• I'll go ahead and make the edit since 1. it's not a code change and 2. the onus is a comment rather than an answer Nov 24 at 21:35
• "I thankfully discovered a weird nuance with getchar, wherein it doesn't always persist EOF status." --> this is either non-conforming C behavior or a false positive. Nov 27 at 23:03

Redundant code

getchar_eof() essentially mimics getchar() and feof(). It fails to work well when ferror() is true or stdin is re-opened.

getchar() already returns EOF when stdin end-of-file flag is set.

Instead use, getchar(), feof(), ferror().

Bug

int getchar_eof(void) returns junk (indeterminant data) when a rare input error encountered as the return value of fread() was not used.

Bug

io_getline() returns -1 when end-of-file occurs, even if some data was read. To be like fgets(), only return -1 when 1) end-of-file occurs and nothing read or 2) input error.

Non-portable type

ssize_t is not defined in standard C.

generic_getter_str() misnamed

generic_getter_str() does not get a string (hinted by the _str) as no null character terminated array is gotten.

io_getline(buffer, ...) does not form a string in buffer as it lacks a null character.

Repetitive test

if(buffer != NULL && (size_t)(bufp - buffer) < bufsz) repeated tests buffer != NULL. Once is enough.

if(buffer != NULL) bufsz == 0;  // Test once
while((ch = getchar_eof()) != EOF && ch != '\n')
if((size_t)(bufp - buffer) < bufsz)
*bufp++ = ch;


Candidate alternative - untested.

int io_getline(size_t bufsz, char buffer[bufsz]) {
if (bufsz > INT_MAX) {
bufsz = INT_MAX;  // Or some other error handling
}
if (buffer == NULL) {
bufsz = 0;
}

int ch;
char *bufp = buffer;

while ((ch = getchar()) != EOF) {
if (ch == '\n') {
break;
}
if ((size_t) (bufp - buffer) + 1u < bufsz) {
*bufp++ = (char) ch;
}
}

if (ch == EOF) {
if (feof(stdin)) {
return -1;
}
} else {
return -1; // Input error
}
}

if ((size_t) (bufp - buffer) < bufsz) {
*bufp = '\0';  // Form a string if able
}

return (int) (bufp - buffer);
}

• "io_getline() returns -1 when end-of-file occurs, even if some data was read." this is actually not a bug. The input is expected to come from a buffered commandline, i.e. a user types a line of input and terminates it by hitting enter. A line terminated by EOF is not a valid line, so it is discarded, just like excess input beyond the buffer size. Nov 28 at 0:44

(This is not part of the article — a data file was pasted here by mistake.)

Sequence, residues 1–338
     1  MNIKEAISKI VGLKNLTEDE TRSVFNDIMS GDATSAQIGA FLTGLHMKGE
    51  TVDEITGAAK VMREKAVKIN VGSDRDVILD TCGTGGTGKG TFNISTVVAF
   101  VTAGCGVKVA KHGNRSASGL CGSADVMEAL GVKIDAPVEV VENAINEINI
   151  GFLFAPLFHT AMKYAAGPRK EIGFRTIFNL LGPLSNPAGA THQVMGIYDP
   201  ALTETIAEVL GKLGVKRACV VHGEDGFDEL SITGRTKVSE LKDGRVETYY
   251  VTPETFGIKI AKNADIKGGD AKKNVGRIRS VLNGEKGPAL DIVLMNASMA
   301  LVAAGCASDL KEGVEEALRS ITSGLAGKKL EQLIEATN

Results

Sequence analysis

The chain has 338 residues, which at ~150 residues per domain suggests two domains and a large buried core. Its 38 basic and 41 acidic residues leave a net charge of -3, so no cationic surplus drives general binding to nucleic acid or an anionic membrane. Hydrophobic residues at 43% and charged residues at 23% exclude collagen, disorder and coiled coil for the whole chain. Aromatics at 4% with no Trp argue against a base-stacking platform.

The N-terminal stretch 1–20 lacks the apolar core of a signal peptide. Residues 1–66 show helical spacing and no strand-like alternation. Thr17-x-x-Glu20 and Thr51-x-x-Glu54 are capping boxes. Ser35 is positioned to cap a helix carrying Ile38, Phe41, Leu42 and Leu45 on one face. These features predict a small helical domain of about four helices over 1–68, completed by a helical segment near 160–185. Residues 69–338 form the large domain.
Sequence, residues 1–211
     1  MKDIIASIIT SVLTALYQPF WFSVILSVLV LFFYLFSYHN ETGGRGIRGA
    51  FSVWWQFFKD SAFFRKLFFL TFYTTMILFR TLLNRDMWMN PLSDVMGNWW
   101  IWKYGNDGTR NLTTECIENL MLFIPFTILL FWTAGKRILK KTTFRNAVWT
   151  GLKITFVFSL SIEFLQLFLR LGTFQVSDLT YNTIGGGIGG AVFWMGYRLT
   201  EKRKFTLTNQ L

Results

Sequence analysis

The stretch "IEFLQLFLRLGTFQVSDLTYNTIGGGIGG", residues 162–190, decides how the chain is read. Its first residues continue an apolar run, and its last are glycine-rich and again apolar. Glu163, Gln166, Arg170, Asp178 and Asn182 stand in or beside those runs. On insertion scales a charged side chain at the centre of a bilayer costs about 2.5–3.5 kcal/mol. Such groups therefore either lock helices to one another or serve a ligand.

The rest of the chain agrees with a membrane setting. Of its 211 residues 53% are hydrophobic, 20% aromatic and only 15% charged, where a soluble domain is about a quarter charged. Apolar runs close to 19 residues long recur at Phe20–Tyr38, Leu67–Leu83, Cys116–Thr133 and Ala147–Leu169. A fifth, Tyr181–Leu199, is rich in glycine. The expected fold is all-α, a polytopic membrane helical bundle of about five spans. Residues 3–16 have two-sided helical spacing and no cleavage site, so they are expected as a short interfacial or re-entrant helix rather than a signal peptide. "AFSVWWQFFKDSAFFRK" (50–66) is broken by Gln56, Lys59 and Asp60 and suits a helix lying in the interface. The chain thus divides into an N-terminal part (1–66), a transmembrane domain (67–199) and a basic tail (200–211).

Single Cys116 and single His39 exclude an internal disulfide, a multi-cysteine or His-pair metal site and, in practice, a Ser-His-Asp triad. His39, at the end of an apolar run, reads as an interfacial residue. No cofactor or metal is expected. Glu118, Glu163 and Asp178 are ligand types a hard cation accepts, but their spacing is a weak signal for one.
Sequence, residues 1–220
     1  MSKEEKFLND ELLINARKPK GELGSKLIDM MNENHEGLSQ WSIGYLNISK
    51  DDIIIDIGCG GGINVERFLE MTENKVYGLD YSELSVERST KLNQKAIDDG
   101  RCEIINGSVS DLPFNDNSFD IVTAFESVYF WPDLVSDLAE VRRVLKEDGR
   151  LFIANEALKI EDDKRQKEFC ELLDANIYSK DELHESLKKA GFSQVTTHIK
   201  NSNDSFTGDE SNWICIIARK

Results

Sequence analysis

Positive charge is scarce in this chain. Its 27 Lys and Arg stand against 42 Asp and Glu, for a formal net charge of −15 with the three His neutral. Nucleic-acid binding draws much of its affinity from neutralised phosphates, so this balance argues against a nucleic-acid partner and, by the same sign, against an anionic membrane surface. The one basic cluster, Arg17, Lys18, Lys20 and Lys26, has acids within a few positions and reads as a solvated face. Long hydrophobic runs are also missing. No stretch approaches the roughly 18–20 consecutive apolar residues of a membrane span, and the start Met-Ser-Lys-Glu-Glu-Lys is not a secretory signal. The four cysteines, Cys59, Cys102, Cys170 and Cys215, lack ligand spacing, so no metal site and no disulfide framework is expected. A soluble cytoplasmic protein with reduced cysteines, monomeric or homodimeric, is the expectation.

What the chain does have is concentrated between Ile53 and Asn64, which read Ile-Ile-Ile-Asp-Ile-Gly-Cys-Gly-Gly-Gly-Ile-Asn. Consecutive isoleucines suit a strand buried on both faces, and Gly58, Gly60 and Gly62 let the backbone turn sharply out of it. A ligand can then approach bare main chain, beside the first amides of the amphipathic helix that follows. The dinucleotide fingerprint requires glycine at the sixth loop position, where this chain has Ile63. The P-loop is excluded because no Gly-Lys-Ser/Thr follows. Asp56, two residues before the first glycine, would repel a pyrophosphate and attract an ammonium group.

• And generic_getter_str is not misnamed. Just because it's not a null-terminated string doesn't make it not a string. The function used to be named generic_getter_char, but after the introduction of generic_getter_char_or_u32, (single char or u32), it no longer made sense to keep it named char. I suppose I could name it _charvec. That said, in the wider context of the program, I make a point to avoid using null-terminated strings as data structures, and thus avoid str* lib functions in favor of their mem* counterparts. Nov 28 at 0:45
• The only string functions that appear in the program are used with string literals, and when a string function has to interact with one of my buffers, an intermediary buffer is used to keep their behavior under control (there is only one such case) Nov 28 at 0:53
• @BradenBest "I make a point to avoid using null-terminated strings" --> C does not specify any context where a string is not null character terminated. C lib does define "A string is a contiguous sequence of characters terminated by and including the first null character." Of course you can use string in some other context, but then that risks misunderstanding with the spec. and with users as evidenced by these comments. Nov 28 at 1:55
• @BradenBest "The input is expected to come from a buffered commandline, i.e. a user types a line of input and terminates it by hitting enter." --> OK, define it as you wish, yet it still differs from fgets(), a function commonly used to get lines and does serve as a model for many get line like code. IIRC, *nix getine() also does not discard a last line lacking a '\n'. Nov 28 at 1:57